Also known as thiamine, vitamin B1 enables our nervous system and muscles to work properly. It also processes glucose, allowing the body to use carbohydrates to make us feel energetic.
Its water-soluble nature means that vitamins are carried through the bloodstream and whatever the body does not use is eliminated in our urine. Thus, it is essential to get a consistent daily dose of vitamin B1.
Sources of Vitamin B1
Any product with white flour or white rice may be enriched with vitamin B, but to get vitamin B1, you will have to eat more specific foods. Foods that are rich in vitamin B1 include meats like beef, pork, and fish. Vegetarians can opt for alternatives such as grains, like cereals, brewer’s yeast, nuts, eggs, and pulses. Some fruits and vegetables are also rich in the vitamin, such as cauliflower, oranges, potatoes, and kale. Choose brown rice when you can since white rice usually contains a less amount of the vitamin.
Since vitamin B1 is needed for survival but is not stored in the body, daily consumption through our diet is needed. The average American gets their required vitamin B1 intake through natural and fortified sources. According to the National Institutes of Health (NIH), each serving of fortified breakfast cereal contains 1.5 milligrams (mg) of vitamin B, which already exceeds the daily recommended amount, while whole wheat bread contains 0.1 mg.
It is important to note that certain foods can cause a reduction in the rate that vitamin B1 is absorbed by the body. Coffee and tea contain tannins, a chemical that could lead to less efficient and thorough absorption if it comes into contact with vitamin B1.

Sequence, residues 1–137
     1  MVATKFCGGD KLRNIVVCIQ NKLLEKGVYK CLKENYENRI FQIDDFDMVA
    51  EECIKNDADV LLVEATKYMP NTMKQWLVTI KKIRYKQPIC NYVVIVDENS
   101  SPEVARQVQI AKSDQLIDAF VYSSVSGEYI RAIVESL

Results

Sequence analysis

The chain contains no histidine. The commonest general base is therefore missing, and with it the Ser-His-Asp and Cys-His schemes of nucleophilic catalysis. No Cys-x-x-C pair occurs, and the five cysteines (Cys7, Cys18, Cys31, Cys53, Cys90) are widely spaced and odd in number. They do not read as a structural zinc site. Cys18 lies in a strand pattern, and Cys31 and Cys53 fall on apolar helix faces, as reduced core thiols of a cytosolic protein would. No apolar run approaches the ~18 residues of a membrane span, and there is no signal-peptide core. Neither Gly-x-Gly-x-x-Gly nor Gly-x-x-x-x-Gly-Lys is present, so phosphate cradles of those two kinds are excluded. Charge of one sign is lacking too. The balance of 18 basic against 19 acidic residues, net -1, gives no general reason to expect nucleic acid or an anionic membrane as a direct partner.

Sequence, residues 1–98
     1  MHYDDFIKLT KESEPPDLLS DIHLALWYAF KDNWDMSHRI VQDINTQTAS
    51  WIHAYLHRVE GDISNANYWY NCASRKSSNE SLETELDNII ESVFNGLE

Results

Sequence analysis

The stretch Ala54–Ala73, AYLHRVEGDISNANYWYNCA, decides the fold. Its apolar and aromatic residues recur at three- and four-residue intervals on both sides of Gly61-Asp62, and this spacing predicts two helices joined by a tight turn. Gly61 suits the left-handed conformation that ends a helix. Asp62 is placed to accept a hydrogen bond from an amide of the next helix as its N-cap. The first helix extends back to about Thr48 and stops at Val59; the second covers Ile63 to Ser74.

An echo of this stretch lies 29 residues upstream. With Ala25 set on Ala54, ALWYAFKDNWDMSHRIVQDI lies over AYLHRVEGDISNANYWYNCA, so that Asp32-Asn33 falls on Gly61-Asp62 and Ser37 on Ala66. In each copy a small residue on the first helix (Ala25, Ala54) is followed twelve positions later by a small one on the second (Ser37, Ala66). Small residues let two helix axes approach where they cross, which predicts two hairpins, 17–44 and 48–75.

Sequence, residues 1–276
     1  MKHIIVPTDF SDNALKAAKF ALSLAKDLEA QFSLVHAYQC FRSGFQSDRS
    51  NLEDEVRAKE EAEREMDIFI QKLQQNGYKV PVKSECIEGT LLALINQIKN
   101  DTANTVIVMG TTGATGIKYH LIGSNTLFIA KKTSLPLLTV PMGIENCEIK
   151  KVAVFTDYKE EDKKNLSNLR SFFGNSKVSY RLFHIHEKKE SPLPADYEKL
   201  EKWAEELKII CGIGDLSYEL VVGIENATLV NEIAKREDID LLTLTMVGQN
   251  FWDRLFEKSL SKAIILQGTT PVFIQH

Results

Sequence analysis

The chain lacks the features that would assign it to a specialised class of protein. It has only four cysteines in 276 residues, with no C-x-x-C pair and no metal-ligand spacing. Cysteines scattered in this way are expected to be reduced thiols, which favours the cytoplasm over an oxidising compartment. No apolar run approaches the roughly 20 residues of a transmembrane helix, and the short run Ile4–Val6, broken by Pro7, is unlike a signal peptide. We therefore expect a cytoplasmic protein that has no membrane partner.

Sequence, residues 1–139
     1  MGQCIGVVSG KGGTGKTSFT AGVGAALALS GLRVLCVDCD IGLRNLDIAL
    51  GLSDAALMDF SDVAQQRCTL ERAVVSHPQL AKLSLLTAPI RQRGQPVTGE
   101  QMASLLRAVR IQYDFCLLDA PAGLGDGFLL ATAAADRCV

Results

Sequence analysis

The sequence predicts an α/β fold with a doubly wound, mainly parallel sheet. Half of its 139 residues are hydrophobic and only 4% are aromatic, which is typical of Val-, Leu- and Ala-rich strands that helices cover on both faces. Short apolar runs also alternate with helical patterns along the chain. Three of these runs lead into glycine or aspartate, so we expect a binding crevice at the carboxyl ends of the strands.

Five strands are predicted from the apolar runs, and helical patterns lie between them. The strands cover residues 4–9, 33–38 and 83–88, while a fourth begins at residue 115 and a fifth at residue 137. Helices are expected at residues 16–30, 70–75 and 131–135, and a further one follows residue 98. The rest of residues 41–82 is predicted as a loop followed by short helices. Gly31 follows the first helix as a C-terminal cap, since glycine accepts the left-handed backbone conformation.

If eaten in large amounts, fish and raw shellfish can also lead to thiamine deficiency, as these foods contain chemicals that can destroy the vitamin. While cooking normally destroys these chemicals, thiamine is simultaneously removed in the process.
Why We Need Vitamin B1
Besides being necessary for survival, Thiamine is in charge of assisting bodily functions in the brain, nerves, intestine, stomach, and heart. It is particularly known to help prevent diseases such as beriberi, a condition that manifests through damaged senses, reflex or motor skills. Thiamine can also aid in ailments like AIDS, cataracts or other vision conditions; the accompanying pains that come with diabetes, kidney disease, canker sores, and cervical cancer.
It also helps to boost more general health conditions such as a weakened immune system, motion sickness, and stress. Digestive problems such as poor appetite and diarrhea can also be prevented with increased consumption of Vitamin B1. As a whole, B vitamins are vital for maintaining the health of your liver, brain, hair, and eyes.
When Vitamin B1 is Used
Thiamin is given to patients suffering from peripheral neuritis, or the inflammation of nerves outside the brain. Other ailments that may warrant the use of vitamin B1 include ulcerative colitis, or when a patient is in a coma. Some athletes even take thiamine supplements to boost their sporting performance, since it is not considered a prohibited substance in America.
How to Tell If You’re Lacking Vitamin B1